As I said in a previous post, it was a joke (that obviously fell flat). I was referring to his being in the US while the fighting was going on in Ireland. Dodging the draft is a euphemism for avoiding military service.OK, I'll Bite
how does de Valera dodge the US Draft in 1917-18 when first he is in a British Prison until his release & election?
from the wording of the 1917 US selective service act he wasnt required to register
28 August 1921
In Newtownards, William Coote, the MP for Fermanagh and Tyrone, called on Lloyd George to drop talks and any future accommodation of Sinn Féin. He also echoed calls for the resignation of the Northern Ireland Minister for Agriculture, Edward Archdale, for appointing a Catholic to his team.
In one of largest crowds since Bloody Sunday, 20,000 people attended the Leinster Football Final between Kildare and Dublin in Croke Park. The game ended in a draw and Dublin went on to win the replay on 18th September.
A group of people entered the orchard of Patrick Walsh in Cappamore, Co. Limerick and stripped the trees of their fruit. Walsh was interned on Bere Island at the time. The local IRA apprehended the fruit thieves.
A veteran New Zealand MP, named William Jennings, visited Ireland. Jennings was on a tour of Europe to visit the graves of two of his sons who died during Great War. One was killed in Gallipoli, and one died of wounds in Athlone. After a short search I found the two sons, Private Edgar Jennings was killed on 3 August 1915 and is buried in Shrapnel Valley Cemetery in Gallipoli. His brother Second Lieutenant Harold Jennings, RFA, was wounded at Loos on 29 September 1915 and died of blood poisoning on 29 February 1916 in Athlone. He is buried in Cornamanagh Cemetery.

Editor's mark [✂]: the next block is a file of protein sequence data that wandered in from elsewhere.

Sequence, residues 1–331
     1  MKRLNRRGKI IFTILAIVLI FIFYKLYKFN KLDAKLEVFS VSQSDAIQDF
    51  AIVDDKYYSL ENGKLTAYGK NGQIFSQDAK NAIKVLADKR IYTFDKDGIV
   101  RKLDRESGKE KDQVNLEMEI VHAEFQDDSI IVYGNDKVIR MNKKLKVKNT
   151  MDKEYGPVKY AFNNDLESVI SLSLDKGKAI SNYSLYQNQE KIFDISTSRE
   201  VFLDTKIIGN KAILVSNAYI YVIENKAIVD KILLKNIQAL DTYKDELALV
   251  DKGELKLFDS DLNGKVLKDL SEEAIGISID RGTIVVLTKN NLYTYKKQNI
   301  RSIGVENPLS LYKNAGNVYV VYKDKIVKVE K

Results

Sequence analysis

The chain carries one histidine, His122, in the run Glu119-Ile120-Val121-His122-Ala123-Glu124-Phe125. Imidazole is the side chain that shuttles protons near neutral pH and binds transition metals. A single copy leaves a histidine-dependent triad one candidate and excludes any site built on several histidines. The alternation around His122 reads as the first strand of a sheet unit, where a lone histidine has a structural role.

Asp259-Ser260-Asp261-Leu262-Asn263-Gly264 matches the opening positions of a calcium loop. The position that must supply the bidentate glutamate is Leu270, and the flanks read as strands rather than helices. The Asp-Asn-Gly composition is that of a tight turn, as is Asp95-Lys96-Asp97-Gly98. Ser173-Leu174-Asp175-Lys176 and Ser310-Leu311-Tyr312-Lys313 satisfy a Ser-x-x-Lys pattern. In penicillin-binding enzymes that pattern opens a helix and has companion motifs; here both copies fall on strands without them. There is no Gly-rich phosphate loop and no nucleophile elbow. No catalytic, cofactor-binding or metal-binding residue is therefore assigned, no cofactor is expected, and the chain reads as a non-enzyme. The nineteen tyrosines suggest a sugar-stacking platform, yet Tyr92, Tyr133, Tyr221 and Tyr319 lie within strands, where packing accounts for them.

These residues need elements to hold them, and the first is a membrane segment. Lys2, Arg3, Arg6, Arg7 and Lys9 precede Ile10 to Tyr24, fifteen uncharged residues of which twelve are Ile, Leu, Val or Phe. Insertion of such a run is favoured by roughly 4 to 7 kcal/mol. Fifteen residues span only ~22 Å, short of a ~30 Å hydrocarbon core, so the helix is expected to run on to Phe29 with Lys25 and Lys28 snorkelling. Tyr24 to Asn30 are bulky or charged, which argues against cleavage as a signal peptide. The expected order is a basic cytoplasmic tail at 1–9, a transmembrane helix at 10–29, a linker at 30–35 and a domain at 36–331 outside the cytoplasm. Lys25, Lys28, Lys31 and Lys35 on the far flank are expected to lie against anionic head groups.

And so it begins...12 September 1921
The Dáil met to nominate the team of plenipotentiaries for the forthcoming conference, which included Arthur Griffith, Michael Collins, Robert Barton Eamon Duggan and George Gavan Duffy. Erskine Childers would act as secretary to the delegation. With the negotiators nominated, de Valera sent off a letter to LG saying Britain must recognise Ireland as a foreign power. As can be imagined, LG took it well.
Not quite yet.And so it begins...
Interesting article in the Daily Mail with all the expected errors, mistaking a Free State firing squad for the Black and Tans and reference to "a" Slievenamon armoured car, but the photographs are worth looking at.
The collection of 200 images belonged to Private Dermot Foley of the Irish Defence Force - with pictures showing 'Black and Tan' search parties and a man with a bayonet pointed at him.www.dailymail.co.uk